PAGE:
A recent DoD-IG report issued in February is one reason for the renewed emphasis on fraud.
The Institute of Defense Analysis (IDA) is a Federally Funded Research and Development Center (FFRDC) that provides objective analyses of national security issues. As a reciepent of federal funds, it was required to have an audit. In 2011, PriceWaterHouseCoopers (PwC) and the Defense Contract Audit Agency (DCAA) performed a joint audit of the costs expended by IDA. After the audit was completed, the DoD-IG performed a quality control review of the joint PwC/DCAA audit. Insofar as PwC's effort was concerned, the DoD-IG found that it met the standards. Not so for DCAA's portion. In fact, the DoD-IG concluded that more audit work was required before anyone could rely on the results of the audit.
Among the deficiencies found in DCAA's work was a failure to adequately plan, perform, and document the audit procedures to support their conclusions on whether IDA complied with the terms of its grants and contracts. They also found deficiencies in the performance of fraud risk assessment procedures. Specifically, the IG noted the following:
DCAA did not perform sufficient fraud risk assessment procedures during the planning and performance of the audit. The ... audit program procedures required the auditor to evaluate only the fraud risk indicators identified in the DoD IG, “Handbook on Fraud Indicators for Contract Auditors.” The working papers documented that the evaluation of fraud indicators was limited to a review of “Handbook on Fraud Indicators for Contract Auditors.” Based on this review, DCAA concluded that there were no identified fraud risks.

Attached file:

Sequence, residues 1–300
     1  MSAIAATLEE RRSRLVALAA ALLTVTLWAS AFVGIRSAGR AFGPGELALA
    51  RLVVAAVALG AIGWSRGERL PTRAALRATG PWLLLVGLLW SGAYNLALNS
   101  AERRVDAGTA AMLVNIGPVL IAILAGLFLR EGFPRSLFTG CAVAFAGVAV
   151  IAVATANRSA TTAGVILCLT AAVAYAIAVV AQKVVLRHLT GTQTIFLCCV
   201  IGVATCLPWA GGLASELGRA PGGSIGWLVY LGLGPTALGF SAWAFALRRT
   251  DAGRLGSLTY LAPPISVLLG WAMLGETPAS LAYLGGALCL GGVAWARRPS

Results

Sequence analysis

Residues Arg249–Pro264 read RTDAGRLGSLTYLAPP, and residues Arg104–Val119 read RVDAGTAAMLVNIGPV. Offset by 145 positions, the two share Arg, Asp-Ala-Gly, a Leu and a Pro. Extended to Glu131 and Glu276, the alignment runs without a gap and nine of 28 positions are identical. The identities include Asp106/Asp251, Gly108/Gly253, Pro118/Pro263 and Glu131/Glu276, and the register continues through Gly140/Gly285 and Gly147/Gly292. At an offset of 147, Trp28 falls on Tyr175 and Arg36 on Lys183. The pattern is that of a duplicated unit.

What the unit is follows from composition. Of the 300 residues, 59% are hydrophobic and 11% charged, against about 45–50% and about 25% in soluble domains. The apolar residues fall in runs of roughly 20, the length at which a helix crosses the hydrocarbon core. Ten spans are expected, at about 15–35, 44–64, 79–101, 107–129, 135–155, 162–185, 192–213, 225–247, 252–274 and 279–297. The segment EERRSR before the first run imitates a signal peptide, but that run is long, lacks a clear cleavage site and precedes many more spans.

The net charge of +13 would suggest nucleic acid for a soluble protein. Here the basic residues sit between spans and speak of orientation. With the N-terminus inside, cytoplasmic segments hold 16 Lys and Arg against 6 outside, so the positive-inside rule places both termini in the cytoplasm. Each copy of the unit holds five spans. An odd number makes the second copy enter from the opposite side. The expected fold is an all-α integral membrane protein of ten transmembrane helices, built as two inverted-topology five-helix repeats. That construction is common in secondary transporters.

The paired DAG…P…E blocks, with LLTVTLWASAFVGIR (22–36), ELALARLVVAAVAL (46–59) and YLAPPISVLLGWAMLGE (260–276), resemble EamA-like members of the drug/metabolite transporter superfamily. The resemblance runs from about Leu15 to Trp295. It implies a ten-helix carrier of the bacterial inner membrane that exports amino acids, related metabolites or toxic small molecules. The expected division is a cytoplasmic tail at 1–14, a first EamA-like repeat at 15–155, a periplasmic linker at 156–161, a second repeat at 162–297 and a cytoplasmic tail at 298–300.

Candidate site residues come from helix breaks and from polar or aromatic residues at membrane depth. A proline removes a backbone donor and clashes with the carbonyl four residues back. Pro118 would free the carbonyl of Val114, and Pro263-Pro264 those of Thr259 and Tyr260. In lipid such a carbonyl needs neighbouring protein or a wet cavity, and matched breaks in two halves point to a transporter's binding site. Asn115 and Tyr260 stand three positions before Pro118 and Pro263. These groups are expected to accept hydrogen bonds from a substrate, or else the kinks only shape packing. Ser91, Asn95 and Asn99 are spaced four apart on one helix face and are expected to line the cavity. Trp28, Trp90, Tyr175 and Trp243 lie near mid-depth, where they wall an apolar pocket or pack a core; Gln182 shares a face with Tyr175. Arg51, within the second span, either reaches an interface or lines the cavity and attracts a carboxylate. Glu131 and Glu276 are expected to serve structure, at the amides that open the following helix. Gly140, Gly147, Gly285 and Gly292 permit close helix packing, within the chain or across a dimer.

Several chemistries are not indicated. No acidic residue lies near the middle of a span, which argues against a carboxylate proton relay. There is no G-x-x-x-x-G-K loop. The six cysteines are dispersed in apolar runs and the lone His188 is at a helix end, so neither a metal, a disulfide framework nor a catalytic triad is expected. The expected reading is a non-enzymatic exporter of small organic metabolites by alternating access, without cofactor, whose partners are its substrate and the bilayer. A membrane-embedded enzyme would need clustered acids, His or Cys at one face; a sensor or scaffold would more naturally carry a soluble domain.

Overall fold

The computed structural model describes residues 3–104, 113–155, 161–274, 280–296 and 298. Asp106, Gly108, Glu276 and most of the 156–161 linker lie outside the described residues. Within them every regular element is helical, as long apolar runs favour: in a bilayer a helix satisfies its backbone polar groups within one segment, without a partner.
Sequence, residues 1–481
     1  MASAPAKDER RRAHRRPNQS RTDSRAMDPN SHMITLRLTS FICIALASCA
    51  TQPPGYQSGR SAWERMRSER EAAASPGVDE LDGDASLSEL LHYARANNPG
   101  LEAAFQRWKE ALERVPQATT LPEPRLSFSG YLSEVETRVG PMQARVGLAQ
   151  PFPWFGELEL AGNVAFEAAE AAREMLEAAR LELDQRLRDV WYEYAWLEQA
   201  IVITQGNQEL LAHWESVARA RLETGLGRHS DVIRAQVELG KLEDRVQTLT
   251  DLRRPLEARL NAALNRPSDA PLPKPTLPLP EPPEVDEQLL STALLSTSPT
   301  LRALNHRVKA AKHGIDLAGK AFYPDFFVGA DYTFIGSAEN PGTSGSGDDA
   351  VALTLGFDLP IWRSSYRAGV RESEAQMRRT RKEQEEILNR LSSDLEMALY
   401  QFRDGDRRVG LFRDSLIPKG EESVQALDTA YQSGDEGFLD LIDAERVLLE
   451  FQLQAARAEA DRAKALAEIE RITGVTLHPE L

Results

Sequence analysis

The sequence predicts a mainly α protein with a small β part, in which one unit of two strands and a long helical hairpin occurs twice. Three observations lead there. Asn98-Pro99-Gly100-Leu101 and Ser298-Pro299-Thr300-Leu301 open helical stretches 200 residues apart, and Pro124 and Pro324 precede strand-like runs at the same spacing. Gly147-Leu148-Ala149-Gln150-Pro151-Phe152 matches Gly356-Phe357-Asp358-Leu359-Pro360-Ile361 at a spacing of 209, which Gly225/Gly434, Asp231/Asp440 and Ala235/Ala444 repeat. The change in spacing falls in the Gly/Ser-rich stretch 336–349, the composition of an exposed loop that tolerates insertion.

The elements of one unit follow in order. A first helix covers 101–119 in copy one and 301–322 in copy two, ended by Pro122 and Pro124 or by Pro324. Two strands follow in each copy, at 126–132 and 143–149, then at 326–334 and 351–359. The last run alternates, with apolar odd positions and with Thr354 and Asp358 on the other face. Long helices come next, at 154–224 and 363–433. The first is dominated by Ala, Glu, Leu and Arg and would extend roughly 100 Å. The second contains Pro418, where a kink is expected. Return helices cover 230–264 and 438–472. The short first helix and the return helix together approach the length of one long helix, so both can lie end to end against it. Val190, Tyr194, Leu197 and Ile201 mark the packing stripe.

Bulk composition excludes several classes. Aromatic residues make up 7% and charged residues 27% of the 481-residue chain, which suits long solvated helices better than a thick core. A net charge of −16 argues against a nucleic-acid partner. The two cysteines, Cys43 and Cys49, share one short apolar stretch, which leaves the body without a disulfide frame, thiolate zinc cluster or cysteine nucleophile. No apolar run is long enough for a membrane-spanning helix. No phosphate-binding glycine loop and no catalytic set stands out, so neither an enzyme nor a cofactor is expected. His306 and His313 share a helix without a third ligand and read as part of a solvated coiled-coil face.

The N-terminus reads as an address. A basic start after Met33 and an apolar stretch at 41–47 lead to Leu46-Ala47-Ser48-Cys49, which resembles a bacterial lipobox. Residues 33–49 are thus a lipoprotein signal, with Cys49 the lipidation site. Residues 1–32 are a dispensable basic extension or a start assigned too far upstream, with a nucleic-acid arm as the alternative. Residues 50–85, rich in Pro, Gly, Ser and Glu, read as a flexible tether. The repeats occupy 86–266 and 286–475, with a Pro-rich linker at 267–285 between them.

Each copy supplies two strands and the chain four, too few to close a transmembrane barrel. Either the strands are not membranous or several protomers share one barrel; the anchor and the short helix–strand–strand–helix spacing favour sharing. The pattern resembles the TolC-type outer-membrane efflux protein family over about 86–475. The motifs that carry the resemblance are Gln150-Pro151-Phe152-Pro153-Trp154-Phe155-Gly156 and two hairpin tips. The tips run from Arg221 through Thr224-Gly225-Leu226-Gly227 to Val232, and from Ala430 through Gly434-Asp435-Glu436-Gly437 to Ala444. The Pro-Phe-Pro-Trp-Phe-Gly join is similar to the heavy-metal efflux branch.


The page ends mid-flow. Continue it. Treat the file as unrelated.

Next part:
... (However, auditing standards) ... requires the auditor to plan and perform the audit to obtain reasonable assurance that material misstatements and noncompliance, whether caused by error or fraud, are detected. Specifically, as a means of obtaining information needed to identify fraud risk areas, the standards require, among other procedures, inquiries of management during the planning process to determine if they have knowledge of any fraud or suspected fraud affecting the entity.
As mentioned in yesterday's posting, since the IG report was issued, DCAA has been revising its audit programs and guidance to ensure compliance with auditing standards. Contractors should expect increased audit emphasis in this area.
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